HORRY COUNTY, S.C. (WBTW) — Much-needed changes to Horry County’s main roads are underway. A resolution to install street lights along Highway 90 was approved Wednesday by the county’s infrastructure and regulation committee.
“Roads are congested. Schools are crowded. And floods are a real threat,” community members said. Current conditions along Highway 90 and 905 have been a years-long issue. Wear and tear and a steadily growing population are pushing the need for change against the clock.
“I’m wondering what else do we do before we have a fatality there,” Felicia Soto, task force committee member said.
Street lights and road elevation, especially on Highway 90, are the main focus.
“And widening some of those intersections nearby there – that’s at Tilly Swamp – that would get rid of the island that happened during Florence,” Andy Markunas the county engineer said.
Potential improvements have been divided into three parts: short-term, mid-term, and long-term.
The short-term phase could cost approximately $800,000 to install street lights and $30,000 to maintain along Highway 90 near East Cox Ferry Road and potentially SC 22. It would also include minor pavement radius improvements at existing intersections. This phase would take up to two years to complete.
The mid-term phase would include elevating and widening Highway 90 at Tilly Swamp Road. It would also include adding turn lanes and widening the following roads: Hillsborough, Heritage Down, Long Bay, Water Tower, Mt. Zion, Highway 1008, Bear Bluff, Old Reaves Ferry, and Monaca.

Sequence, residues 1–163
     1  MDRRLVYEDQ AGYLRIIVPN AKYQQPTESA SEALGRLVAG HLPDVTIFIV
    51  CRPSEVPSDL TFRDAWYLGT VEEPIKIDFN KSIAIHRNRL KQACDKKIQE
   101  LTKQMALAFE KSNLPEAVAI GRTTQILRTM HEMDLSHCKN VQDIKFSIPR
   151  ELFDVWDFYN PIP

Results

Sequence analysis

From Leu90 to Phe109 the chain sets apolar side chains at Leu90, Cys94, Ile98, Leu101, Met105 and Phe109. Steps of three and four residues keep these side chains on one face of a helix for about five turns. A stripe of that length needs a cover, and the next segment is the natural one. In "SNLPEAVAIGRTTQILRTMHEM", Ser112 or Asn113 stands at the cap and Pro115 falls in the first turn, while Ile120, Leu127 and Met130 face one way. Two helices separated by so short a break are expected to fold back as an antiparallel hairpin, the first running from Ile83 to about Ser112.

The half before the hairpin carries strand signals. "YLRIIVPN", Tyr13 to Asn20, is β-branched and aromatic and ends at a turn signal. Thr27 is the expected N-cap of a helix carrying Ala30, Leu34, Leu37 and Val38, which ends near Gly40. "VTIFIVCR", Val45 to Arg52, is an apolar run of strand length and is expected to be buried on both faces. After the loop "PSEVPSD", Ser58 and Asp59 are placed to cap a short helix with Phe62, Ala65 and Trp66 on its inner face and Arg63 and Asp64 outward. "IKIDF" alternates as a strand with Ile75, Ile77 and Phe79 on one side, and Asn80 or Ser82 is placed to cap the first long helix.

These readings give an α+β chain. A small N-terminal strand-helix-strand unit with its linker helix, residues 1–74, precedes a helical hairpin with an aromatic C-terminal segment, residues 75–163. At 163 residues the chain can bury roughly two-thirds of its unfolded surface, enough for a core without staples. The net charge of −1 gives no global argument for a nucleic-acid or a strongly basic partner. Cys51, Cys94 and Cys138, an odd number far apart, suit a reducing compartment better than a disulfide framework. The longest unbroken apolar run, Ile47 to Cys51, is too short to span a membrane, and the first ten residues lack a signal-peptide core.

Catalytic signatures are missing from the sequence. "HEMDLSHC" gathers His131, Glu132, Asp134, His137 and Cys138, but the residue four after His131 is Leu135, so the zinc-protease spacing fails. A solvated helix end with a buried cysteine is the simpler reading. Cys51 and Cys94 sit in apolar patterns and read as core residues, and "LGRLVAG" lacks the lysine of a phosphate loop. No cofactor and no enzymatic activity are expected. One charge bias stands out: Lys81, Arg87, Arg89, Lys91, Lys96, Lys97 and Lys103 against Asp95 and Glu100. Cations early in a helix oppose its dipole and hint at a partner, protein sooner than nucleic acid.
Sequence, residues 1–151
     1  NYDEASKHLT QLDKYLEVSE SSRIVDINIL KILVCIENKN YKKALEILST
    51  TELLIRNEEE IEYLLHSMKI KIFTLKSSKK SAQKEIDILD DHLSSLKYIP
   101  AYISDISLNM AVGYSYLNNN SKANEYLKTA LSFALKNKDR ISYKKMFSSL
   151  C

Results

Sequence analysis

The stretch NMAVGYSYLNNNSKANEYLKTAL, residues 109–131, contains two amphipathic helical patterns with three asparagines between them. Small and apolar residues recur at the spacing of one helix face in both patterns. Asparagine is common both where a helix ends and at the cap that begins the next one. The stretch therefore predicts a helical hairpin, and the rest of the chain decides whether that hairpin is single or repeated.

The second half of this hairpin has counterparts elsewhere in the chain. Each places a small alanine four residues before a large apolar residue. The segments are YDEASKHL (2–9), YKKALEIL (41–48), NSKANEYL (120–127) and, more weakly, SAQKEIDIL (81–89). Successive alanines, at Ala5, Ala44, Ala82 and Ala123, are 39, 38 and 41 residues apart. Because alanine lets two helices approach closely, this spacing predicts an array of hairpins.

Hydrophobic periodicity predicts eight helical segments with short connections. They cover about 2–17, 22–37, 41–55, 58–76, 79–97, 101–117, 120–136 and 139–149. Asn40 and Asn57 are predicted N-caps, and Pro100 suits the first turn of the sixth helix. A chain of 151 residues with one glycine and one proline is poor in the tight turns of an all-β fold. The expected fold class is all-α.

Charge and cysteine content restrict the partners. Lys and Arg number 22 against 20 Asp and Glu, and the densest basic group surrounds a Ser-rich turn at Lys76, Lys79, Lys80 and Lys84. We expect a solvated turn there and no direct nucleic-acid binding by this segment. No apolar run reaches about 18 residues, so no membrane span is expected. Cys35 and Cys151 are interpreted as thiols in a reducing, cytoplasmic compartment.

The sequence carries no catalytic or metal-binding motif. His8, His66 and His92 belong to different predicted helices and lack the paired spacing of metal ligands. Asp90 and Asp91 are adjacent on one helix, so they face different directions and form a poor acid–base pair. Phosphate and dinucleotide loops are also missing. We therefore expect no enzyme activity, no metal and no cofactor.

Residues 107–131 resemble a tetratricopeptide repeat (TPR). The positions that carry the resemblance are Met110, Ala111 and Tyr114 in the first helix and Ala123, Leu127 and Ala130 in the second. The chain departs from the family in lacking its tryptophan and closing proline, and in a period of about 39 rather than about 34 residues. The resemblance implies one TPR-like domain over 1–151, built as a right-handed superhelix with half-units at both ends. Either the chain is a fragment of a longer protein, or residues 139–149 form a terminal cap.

This phase is expected to cost around $35-$40 million.
Officials said the long-term phase would include starting on an early design on the full widening of Highway 90. Road widening and elevation, along with adding turn lanes will first require evaluation from engineers through a GSTATS study.
Markunas told News13 this study was just approved to be conducted in November.
“I don’t think we probably need to throw any real big money out there yet until we get the GSTATS study back to make sure we’re doing the right thing and not wasting the money,” Mark Causey, chairman of the committee and Horry County councilman said.
As more families also settle near Highway 905, leaders also hope to elevate that road near Kingston Lake and Simpson Creek. They hope these improvements will alleviate flooding and congestion to growing communities across Horry County.
Leaders would still need to determine how repairs in all three phases would be funded, which could total over $40 million and could take up to 7 years to complete.
The plans still need the state’s approval, an official design, and funding for the parts and equipment, which could take additional time due to supply chain issues.